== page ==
One of the things to understand about me is that I’m working through the idea that maybe, in Christ, we are really totally and absolutely forgiven and accepted. It is real. The single condition is belief in His favor and forgiveness, in the sufficiency of His blood. If that is true, what does the Christian life look like? I began by asking, what is then the engine our our virtue? Shall we sin all the more? If our understanding of what we think “the gospel” is doesn’t raise this question we may not be thinking about what “the gospel” is in the right way. This is why I think the term “gospel imperatives” is so off-base; it seeks to remove this question. Paul’s answers seemed so cryptic in Romans 6 and 7. I’ve come around to thinking that we place far too much emphasis on personal virtue. The idea that we measure our success in Christ by the degree of moral change we display is perhaps a tempting but misplaced standard. I posit from Romans that the question itself places us under law.
We see this in Romans 8 and many many places in Paul’s epistles:
For those who are according to the flesh set their minds on the things of the flesh, but those who are according to the Spirit, the things of the Spirit. For the mind set on the flesh is death, but the mind set on the Spirit is life and peace, because the mind set on the flesh is hostile toward God; for it does not subject itself to the law of God, for it is not even able to do so; and those who are in the flesh cannot please God. (Romans 8:5-8, NASB).
First, notice that there is no imperative here. Romans 3-8 – few if any imperatives. Paul thinks our identity is primarily important as Christians, and the practical application only comes after a lot of teaching about this. Calvinists should understand this more than anyone I would think. I don’t really understand the Calvinist world though.
Second, notice that when Paul says “the flesh” he does not mean you should stop obsessing about sinful desires. What he means is, you stop thinking about being virtuous by non-supernatural means. You stop dwelling on the battle described in Romans 7. You stop measuring yourself by standards of obligation. We begin to constantly expect manifestations of grace from the Spirit: revelations, joy, insight, promptings, and supernatural giftings to do this or that. Outwardly this will end up looking like virtue, but the target has ceased to be virtue – it is relationship with Jesus via the mind set on the Spirit.
We see clues to this elsewhere, as here:
Or do you not know that the unrighteous shall not inherit the kingdom of God? Do not be deceived; neither fornicators, nor idolaters, nor adulterers, nor effeminate, nor homosexuals, nor thieves, nor the covetous, nor drunkards, nor revilers, nor swindlers, shall inherit the kingdom of God. And such were some of you; but you were washed, but you were sanctified, but you were justified in the name of the Lord Jesus Christ, and in the Spirit of our God. All things are lawful for me, but not all things are profitable. All things are lawful for me, but I will not be mastered by anything. (1 Corinthians 6:9-12, NASB).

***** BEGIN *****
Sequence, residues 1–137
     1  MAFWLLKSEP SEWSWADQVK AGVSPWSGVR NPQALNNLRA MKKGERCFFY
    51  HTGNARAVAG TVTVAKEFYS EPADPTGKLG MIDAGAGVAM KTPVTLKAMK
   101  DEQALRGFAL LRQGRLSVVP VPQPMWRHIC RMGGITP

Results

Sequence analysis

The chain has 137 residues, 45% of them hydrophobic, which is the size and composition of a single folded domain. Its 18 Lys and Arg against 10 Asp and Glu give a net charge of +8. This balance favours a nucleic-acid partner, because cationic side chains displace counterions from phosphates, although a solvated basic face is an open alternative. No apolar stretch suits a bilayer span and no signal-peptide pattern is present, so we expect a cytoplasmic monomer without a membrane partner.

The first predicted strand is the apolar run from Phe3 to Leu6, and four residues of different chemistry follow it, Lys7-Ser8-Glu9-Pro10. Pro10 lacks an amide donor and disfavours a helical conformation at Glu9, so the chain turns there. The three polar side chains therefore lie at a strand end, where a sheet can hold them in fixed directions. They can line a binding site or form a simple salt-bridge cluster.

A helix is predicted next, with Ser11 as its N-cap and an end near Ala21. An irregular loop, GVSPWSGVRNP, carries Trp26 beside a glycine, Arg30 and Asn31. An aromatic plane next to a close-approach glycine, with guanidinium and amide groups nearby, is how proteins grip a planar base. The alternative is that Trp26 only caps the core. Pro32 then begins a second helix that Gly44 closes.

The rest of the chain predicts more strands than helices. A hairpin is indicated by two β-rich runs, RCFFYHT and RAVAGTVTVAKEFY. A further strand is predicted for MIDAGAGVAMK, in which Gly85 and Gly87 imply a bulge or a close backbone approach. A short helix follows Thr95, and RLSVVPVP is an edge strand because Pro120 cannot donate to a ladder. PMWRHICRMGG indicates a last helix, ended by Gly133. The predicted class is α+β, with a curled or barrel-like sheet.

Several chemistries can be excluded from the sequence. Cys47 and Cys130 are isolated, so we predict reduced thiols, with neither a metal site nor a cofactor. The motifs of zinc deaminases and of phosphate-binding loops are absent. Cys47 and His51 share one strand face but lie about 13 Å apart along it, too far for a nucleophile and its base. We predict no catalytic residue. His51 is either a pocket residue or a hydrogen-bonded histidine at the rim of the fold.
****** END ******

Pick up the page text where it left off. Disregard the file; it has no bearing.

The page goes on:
Isn’t this strange? All things are lawful, under grace! In Christ, you can tell if someone is setting their minds on the things of the Spirit, walking with Christ, from the arc of their desire. To the saved, to the grace-driven, fornication isn’t UNLAWFUL, more importantly it is UNPROFITABLE! We have moved on to a greater profit, because through Christ, by the Spirit, we love things that count as holy. Not because we went out with our gun hunting down holiness. Because the sweet fragrance of holiness, the butterfly of virtue, has landed on our shoulder. The moving of the Holy Spirit has all the gravitas now, because we are under grace. We have developed new tastes, God is talking to us, God is blessing us, people are getting touched and changed and healed through us as they come to believe that they are God’s pearl which He sold all to get, because He has such joy over us. Fornication just seems gross now, and it is the furthest thing from my mind. When I sneak a peak at some Victoria’s Secret ad, it makes me feel dirty and gross. It is unprofitable, the Spirit of Christ in me gives me no joy in it now. It no longer masters me, I hate it in my heart. A new love governs me.